PHEVs now 20% of Range Rover orders
Plug-in hybrids now account for a fifth of of Range Rover and Range Rover Sport orders in the UK, but Jaguar Land Rover UK managing director, Jeremy Hicks, is calling for a more balanced discussion around future drivetrain choices to avoid drivers picking the wrong options.
The P400e, a petrol plug-in hybrid drivetrain, indirectly replaced the niche-volume diesel hybrid as part of a mid-life refresh for both Range Rover models, producing 398bhp with CO2 emissions of 64g/km. It’s a technology that’s likely to be shared with other models, part of a suite of electrified drivetrains, from mild hybrids to fully electric, which will be offered across the two brands.
Demand for the P400e has outstripped expectations, Hicks said, across fleet and retail channels. In part that’s due to the towing-friendly electric motor torque that makes the technology well-suited to SUVs, he explained. In turn, it’s meant they have become an alternative to large diesels, regardless of tax advantages.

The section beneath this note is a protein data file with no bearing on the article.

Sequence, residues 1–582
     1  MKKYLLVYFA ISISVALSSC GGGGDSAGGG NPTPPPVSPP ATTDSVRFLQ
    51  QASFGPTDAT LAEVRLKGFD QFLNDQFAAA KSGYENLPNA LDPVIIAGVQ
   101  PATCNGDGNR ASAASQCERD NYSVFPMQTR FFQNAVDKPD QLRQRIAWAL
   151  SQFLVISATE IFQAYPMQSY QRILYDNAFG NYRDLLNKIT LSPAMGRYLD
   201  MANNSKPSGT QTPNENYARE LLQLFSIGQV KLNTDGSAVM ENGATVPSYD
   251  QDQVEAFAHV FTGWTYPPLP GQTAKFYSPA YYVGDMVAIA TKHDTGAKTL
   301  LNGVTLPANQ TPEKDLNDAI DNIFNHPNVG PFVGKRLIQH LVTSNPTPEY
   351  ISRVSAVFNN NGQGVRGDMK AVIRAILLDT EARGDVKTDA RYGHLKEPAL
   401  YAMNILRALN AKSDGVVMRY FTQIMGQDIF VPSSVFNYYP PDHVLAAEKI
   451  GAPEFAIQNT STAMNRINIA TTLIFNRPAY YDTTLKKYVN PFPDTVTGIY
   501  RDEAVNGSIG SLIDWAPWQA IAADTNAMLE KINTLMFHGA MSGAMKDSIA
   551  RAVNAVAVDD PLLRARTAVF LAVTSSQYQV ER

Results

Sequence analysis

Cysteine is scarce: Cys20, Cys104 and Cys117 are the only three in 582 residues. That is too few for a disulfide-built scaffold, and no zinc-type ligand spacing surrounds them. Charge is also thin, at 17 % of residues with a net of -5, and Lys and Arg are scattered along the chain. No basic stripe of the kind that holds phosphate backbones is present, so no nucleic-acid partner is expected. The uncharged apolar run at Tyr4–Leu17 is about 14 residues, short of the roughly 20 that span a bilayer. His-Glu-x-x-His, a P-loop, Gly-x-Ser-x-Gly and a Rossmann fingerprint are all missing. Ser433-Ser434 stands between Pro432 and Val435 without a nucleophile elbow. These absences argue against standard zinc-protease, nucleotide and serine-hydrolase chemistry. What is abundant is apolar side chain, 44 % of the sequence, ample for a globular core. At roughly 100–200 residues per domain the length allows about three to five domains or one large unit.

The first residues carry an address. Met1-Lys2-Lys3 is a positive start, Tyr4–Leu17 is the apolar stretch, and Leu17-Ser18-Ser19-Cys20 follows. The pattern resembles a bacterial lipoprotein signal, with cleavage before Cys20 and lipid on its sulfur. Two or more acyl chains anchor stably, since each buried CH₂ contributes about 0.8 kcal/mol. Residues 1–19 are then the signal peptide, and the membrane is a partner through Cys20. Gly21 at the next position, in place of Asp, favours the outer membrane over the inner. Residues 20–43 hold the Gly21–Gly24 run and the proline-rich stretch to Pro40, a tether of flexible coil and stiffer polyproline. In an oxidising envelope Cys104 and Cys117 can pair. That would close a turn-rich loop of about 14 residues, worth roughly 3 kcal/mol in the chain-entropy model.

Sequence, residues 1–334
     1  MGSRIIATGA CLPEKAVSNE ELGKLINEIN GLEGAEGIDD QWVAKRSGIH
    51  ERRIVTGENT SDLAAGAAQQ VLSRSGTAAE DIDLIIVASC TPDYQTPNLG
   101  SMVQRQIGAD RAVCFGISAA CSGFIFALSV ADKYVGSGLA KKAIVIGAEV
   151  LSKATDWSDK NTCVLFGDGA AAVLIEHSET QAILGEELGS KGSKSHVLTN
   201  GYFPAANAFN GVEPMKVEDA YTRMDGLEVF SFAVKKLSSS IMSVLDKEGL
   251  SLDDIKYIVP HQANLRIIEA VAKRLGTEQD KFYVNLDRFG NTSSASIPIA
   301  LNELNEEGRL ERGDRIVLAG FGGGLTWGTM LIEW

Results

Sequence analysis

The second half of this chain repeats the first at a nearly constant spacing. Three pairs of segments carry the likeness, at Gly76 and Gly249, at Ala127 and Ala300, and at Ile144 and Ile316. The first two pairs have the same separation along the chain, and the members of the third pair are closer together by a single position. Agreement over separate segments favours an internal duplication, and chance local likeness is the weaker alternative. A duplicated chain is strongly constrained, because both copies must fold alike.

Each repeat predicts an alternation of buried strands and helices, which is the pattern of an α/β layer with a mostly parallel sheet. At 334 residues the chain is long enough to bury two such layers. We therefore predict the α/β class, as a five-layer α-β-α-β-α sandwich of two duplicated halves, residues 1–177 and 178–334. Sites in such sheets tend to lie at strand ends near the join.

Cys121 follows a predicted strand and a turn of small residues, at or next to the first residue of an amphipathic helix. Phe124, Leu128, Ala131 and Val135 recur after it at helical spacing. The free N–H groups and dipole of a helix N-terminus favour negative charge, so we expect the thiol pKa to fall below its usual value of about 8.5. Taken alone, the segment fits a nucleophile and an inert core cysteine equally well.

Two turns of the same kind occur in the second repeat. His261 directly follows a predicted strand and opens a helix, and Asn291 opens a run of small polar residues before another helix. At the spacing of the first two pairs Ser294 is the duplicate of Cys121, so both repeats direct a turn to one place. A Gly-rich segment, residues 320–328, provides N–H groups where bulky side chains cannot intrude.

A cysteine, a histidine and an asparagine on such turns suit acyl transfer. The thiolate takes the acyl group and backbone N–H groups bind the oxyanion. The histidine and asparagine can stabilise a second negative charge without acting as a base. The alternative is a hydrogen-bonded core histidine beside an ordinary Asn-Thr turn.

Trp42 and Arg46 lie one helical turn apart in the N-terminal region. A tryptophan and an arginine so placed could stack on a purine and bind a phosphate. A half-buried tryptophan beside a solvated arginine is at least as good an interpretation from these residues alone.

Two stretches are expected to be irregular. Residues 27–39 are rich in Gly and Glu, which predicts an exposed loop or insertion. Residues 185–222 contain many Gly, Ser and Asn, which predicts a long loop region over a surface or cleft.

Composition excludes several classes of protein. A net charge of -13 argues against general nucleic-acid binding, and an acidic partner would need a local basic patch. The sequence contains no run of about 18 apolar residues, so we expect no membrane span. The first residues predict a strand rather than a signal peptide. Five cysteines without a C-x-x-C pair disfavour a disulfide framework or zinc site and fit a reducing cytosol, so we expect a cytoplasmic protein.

But, he stressed, debates around petrol, diesel and alternative drivetrains need more balance. Jaguar Land Rover saw flat demand for diesel engines last year, with the fuel falling from a 90% share of the two brands’ volumes to 80% in recent months. Hicks said media coverage and “arbitrary” tax penalties against diesel engines ignored their still important 15-20% CO2 advantage, and that the latest units emit similar amounts of NOx to petrol engines.
“We’ve improved CO2 by 25% in the last ten years, and NOx by 84% in the last ten years,” he explained. “They’re so much better, so there’s loads of scope for combustion engines. I think it’s important to have a balance; we don’t want to get carried away, that the world’s electrifying, and that’s going to be it, and there won’t be anything else. I don’t buy that.
“We can’t have a position like last year where the CO2 from the fleet of cars went up, after years of going down. There’s no surprise in that; it’s because petrol sales have gone up. We’ve got to do the right thing for the environment, and I’m concerned that we’re not. The debate is completely out of balance. We’ve got to make sure customers are buying the right car for them. That’s my main motivation.”
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